WebQuest: Why Did Netflix’s Stock Price Go Up When Their Earnings Went Down?

Apr 17, 2015
Behavioral Finance, Investing, WebQuest, Stocks, Current Events, Chart of the Week

Does this look like a company whose earnings dropped in the last quarter?

Screen Shot 2015-04-17 at 3.08.57 PM

I like this activity because it teaches students the importance of expectations and also how investors value companies using different metrics (clearly earnings don’t drive Netflix’s stock price).

The assignment is simple:

  1. Find 2-3 recent articles about Netflix stock that are related to their earnings announcement from this week.  If you are time constrained, here a few good articles:
    1. Bloomberg (with 3 minute video)
    2. Business Insider
    3. Reuters
    4. Reuters:  Here’s a contrarian view:  Netflix soaring valuation raises some doubts on Wall Street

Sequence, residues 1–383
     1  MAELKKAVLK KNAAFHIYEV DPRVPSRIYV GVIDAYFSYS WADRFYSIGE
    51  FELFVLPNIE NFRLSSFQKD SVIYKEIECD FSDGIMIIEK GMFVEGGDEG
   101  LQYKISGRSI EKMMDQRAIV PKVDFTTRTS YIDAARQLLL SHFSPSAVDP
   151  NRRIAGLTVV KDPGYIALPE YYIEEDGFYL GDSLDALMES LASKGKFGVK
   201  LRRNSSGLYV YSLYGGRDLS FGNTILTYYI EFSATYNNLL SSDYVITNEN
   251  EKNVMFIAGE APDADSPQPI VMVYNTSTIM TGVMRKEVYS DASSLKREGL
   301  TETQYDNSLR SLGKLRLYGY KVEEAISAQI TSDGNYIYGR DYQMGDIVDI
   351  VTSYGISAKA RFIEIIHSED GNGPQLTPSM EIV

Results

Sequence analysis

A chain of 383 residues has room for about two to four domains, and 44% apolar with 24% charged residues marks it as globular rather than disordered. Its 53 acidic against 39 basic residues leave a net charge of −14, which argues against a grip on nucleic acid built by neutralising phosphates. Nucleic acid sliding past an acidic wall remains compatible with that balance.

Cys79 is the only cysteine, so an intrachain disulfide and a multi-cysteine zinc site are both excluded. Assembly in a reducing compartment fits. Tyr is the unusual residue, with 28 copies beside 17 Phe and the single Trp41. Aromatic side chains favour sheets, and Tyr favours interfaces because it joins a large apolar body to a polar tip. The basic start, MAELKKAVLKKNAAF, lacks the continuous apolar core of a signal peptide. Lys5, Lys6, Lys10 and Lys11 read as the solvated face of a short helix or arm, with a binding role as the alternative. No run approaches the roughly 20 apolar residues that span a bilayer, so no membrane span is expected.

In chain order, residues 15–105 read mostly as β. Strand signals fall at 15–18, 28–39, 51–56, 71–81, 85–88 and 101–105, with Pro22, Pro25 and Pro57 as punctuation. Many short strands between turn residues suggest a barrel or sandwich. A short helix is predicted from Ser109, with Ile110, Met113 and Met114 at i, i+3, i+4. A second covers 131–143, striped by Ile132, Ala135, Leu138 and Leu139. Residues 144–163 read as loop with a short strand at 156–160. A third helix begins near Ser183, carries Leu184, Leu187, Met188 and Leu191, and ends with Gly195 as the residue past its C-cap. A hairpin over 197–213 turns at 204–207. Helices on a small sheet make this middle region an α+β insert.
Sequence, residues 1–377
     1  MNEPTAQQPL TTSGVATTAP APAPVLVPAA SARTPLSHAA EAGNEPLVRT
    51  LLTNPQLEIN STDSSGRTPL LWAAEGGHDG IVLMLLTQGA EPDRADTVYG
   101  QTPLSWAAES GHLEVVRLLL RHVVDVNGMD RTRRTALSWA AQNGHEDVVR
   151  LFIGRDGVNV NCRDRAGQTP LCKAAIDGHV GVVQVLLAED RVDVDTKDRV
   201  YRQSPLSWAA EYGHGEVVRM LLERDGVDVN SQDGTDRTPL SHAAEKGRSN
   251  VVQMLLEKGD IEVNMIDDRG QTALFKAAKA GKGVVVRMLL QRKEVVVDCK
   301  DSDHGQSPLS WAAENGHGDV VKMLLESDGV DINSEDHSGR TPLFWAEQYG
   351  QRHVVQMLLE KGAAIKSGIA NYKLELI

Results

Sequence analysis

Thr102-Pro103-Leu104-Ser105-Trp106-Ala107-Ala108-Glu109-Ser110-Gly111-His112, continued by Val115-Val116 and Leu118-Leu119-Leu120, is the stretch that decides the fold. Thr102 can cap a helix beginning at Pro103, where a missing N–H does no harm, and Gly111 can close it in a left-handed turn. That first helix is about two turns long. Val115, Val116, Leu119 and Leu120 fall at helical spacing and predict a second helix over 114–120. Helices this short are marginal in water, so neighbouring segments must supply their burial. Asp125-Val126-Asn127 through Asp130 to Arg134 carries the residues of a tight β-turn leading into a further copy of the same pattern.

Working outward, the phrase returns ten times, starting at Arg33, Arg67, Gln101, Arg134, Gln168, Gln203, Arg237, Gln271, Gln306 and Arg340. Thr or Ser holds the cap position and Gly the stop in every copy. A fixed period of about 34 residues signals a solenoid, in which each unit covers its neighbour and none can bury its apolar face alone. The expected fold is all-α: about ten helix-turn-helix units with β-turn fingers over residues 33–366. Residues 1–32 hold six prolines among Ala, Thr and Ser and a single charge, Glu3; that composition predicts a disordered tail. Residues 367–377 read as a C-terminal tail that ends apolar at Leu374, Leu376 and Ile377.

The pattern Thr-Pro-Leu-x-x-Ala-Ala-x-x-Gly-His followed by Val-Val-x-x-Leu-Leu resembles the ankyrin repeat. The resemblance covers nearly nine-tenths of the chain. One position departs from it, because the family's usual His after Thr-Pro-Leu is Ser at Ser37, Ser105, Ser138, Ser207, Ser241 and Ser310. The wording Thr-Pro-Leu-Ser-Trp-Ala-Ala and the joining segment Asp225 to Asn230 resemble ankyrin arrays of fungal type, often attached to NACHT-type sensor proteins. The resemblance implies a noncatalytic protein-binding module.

2. After reading the articles, identify three catalysts to explain why their stock price rose.  Why do investors love Netflix so much?
  3. Why do they think that investors are less concerned about Netflix’s earnings?
  4. Calculate the percentage change in their stock price from April 13-April 17th.  Here is the Yahoo Finance link to stock price on those dates.  It opened at $450.78 on 4/13 and closed on 4/17 at $571.55 (that’s almost 27% if you are scoring at home).
  5. Would they invest in Netflix now?  Why or why not?

About the Author

Tim Ranzetta

Tim's saving habits started at seven when a neighbor with a broken hip gave him a dog walking job. Her recovery, which took almost a year, resulted in Tim getting to know the bank tellers quite well (and accumulating a savings account balance of over $300!). His recent entrepreneurial adventures have included driving a shredding truck, analyzing executive compensation packages for Fortune 500 companies and helping families make better college financing decisions. After volunteering in 2010 to create and teach a personal finance program at Eastside College Prep in East Palo Alto, Tim saw firsthand the impact of an engaging and activity-based curriculum, which inspired him to start a new non-profit, Next Gen Personal Finance.

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